One of my favorite aspects of the AJAX Control Toolkit is that we were given not only a fully functional web app detailing all of the controls, but also the full source code. As a home-grown .NET developer, exploring the source code of the tool / control I am dealing with is a new and fantastic experience. My inner (and sometimes outer) monologue when working with other people's code is usually as such:
"Why the hell did they do that?"
...peruse source code...
Here's the scenario I encountered: The animation framework included in the AJAX Control Toolkit (ACT heretofore) handles typical events to kick off animations (clicks, hovers, etc.) Of course, I needed to work with onmouseup to show an animation as the user dragged-and-dropped over a region; this was not supported.
My first approach literally entailed going into the source of the ACT, copy and pasting the code for the click mouse events across half a dozen files, pasting them verbatim, and doing a find-and-replace from "click" to "mousedown." I recompiled the ACT, copied the new DLL to my project, and it actually worked. The problem then is that, ultimately, we will be dealing with multiple versions of the ACT DLL on our server, and other maintenance nightmares.
Unless you are really into parsing fully-qualified assembly names, commenting lines in and out of web.config files, and renaming "AjaxControlToolkit.dll" to "AjaxControlToolkit.dll.old.modified.june13version.dontusethisfile," then we need a better method to extend these controls – ESPECIALLY if we are deploying our code to an environment like SharePoint.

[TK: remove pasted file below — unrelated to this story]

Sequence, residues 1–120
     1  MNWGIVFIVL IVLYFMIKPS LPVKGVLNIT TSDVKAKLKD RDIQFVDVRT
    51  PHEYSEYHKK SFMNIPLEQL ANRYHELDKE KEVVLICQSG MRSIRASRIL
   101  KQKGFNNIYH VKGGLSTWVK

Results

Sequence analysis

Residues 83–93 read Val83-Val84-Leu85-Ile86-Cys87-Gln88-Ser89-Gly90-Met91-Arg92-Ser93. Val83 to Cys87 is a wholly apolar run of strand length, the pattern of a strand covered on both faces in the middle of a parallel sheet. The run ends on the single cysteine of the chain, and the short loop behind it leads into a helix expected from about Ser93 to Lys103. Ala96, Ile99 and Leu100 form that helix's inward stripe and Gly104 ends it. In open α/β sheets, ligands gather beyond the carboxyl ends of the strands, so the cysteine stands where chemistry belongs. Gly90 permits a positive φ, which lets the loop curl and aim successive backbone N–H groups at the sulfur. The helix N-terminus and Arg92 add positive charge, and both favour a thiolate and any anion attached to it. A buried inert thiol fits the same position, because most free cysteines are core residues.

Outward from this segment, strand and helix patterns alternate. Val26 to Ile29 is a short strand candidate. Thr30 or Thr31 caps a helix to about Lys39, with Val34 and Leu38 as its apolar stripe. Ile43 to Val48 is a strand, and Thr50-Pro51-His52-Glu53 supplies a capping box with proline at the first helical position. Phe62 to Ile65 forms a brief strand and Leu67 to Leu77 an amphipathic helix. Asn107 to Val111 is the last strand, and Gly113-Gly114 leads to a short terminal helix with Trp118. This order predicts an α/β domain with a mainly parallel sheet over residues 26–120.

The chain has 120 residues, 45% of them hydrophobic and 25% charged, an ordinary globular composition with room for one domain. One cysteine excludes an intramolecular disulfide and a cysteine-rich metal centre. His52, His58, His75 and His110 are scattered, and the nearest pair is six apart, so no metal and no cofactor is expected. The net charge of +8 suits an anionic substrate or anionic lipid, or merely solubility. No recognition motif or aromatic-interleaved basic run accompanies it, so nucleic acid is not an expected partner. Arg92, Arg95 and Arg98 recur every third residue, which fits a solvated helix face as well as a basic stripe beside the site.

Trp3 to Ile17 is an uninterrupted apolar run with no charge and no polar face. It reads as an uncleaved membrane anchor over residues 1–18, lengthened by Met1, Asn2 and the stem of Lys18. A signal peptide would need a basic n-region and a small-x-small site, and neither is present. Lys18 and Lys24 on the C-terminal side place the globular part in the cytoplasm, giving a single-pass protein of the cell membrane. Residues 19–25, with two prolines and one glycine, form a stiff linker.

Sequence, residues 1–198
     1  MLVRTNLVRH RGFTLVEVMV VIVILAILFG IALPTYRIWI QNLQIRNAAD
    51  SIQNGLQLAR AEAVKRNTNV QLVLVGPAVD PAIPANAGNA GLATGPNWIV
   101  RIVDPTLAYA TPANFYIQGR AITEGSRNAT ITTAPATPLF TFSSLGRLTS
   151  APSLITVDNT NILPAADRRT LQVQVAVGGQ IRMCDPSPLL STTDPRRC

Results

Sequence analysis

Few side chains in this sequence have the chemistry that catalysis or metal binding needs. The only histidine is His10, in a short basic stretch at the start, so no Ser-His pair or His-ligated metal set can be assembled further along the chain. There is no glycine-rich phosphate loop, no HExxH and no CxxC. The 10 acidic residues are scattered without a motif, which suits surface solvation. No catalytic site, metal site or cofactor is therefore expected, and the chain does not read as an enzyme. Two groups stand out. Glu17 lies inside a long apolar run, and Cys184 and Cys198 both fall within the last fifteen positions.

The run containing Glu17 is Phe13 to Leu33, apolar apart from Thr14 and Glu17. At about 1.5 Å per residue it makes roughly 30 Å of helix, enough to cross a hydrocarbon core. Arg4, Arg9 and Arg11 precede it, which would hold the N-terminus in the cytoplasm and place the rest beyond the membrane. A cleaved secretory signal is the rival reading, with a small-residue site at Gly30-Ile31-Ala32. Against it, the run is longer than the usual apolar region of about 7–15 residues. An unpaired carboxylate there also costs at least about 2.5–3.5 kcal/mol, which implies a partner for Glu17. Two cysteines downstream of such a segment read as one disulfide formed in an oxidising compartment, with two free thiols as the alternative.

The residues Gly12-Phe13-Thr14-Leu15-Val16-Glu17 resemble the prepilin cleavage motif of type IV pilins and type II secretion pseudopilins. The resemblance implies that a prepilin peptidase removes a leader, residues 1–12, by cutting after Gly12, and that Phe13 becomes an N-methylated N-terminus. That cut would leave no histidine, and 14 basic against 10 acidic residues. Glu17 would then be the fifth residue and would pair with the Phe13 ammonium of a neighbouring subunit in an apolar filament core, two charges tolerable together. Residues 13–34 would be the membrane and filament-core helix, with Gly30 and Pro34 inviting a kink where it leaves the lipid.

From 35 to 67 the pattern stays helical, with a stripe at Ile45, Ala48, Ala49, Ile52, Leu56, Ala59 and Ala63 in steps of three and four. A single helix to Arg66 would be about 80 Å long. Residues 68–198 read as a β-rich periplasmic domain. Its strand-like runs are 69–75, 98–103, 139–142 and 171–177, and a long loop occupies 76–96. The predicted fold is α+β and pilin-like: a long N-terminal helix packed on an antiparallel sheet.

Finally, TargetControlType specifies what your class can extend. For broader concepts (like animation) this is opened up to all web controls. However, for more specific functionality, (such as Collapsible Panels) you can speficy "Panel" as the target control type. If violated, this is what throws the familiair "This type can't extend controls of that type..." AJAX exception.
All you have left to so is implement your extensions. Mostly, on the managed side of things, this entails declaring properties, helper methods, etc. All of the "work" (in terms of UI elements) is done on the client side. The server side class' job is really instead to initialize, wire, and host.
Everything that happens in the class you are inheriting from is happening here as well. If your base class has a button in it somewhere and a click event is wired up to it, you've got all that going on in your prototype.
So think back to my initial problem: there weren't enough events being handled in the animation framework. So in my derived class, I merely add those events; the ones in the base class still work normally!
There is a project type in Visual Studio 2008 that does most of this for you, but it's good to go through it once from scratch to understand everything going on. Have fun!